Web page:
Reactions to the Final Version
“The music built very successfully, starting with a wholesome feeling and then shifting as the tone of the film shifted. The inclusion of the heartbeat sound was also really effective to portray the panic of the character, even though it was a smaller, background noise.” – James
“The music flowed really well and matched the tone of the film, which helped move everything along and provide clarity in the plot.” – Moira
Self-Evaluation of Final Version
Our final film was simple, as we only included shots and scenes that were necessary to develop the plot of the film and communicate our story. It was also emotional, as we used sensory language and specific film techniques to instill fear and create suspense with our audience. Additionally, our film was concrete and unexpected, as we shocked our audience with a final plot twist and addressed the prompt of “community” from a unique perspective.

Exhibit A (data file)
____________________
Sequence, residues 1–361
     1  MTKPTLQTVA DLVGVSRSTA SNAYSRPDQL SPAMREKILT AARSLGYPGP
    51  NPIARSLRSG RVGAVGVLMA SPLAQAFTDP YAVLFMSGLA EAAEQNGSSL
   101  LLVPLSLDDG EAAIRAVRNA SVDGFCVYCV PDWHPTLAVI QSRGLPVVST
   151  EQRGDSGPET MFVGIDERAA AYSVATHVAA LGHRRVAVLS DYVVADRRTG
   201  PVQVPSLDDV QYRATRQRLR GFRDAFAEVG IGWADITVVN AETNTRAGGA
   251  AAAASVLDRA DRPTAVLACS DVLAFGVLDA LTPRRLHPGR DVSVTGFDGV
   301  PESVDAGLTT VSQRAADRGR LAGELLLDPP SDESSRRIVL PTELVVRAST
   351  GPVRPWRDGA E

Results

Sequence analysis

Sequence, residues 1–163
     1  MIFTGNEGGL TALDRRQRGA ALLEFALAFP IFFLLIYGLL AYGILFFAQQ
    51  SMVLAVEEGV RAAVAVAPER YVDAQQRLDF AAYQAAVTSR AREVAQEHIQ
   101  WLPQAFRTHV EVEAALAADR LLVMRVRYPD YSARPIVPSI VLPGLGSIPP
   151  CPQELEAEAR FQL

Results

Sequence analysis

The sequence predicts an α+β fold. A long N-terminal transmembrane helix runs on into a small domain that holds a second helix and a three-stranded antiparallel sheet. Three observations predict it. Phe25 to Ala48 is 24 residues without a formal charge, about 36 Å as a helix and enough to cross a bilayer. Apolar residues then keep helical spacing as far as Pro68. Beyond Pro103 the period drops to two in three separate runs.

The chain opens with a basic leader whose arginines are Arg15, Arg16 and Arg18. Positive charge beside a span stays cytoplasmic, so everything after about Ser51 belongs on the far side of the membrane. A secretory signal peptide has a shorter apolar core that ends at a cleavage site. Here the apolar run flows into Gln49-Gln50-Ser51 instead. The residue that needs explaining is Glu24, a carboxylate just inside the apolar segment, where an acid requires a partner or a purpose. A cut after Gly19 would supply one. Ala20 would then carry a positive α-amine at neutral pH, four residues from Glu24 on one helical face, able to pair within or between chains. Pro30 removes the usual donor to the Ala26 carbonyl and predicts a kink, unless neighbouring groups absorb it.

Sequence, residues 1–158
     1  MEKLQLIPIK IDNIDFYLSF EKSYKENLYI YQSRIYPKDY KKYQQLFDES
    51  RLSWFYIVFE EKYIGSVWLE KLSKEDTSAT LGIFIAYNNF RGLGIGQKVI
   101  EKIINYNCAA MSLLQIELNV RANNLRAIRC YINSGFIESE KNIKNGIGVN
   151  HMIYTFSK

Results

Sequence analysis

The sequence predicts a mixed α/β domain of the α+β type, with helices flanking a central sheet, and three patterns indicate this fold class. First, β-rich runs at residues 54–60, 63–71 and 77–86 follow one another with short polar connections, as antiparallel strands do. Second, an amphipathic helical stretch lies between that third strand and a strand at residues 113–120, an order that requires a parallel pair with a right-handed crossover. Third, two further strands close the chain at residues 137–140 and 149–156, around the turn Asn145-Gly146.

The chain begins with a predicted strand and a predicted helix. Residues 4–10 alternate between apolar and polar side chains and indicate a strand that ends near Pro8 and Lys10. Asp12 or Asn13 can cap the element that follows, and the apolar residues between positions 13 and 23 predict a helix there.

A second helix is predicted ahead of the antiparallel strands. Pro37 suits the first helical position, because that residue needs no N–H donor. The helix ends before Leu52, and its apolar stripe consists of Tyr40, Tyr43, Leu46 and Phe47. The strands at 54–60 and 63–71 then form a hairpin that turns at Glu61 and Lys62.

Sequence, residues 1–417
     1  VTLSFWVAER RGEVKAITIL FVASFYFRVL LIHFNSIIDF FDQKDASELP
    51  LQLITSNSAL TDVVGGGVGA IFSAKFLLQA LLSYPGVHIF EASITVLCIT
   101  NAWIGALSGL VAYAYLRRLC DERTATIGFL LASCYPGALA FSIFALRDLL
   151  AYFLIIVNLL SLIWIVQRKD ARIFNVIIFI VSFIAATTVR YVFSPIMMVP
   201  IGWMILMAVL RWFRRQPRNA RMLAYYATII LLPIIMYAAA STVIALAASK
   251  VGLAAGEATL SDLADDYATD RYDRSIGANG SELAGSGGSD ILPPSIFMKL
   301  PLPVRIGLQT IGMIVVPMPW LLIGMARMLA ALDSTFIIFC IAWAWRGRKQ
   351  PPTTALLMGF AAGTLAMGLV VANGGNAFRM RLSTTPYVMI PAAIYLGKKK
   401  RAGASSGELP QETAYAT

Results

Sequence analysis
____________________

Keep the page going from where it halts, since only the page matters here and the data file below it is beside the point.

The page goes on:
What I Learned and Problems I Solved
During this project, I learned a lot of technical skills, especially regarding music composition and the specificities of the Soundtrap software. Before this production session, I had only ever used GarageBand, but now that I am well-versed in an entirely new program, I feel more prepared for any music I compose in the future. In a more general, real-world sense, I continued to gain skills relating to leadership and group collaboration, which will be very helpful in the future. I also solved many problems alongside my team members during this production session, as we had a large task including nearly 50 actors that needed to be completed within a relatively short period of time.
Grammar and Spelling
Grammarly, Edublogs Spell Check
Story of Film – Episode 3 – The Golden Age of World Cinema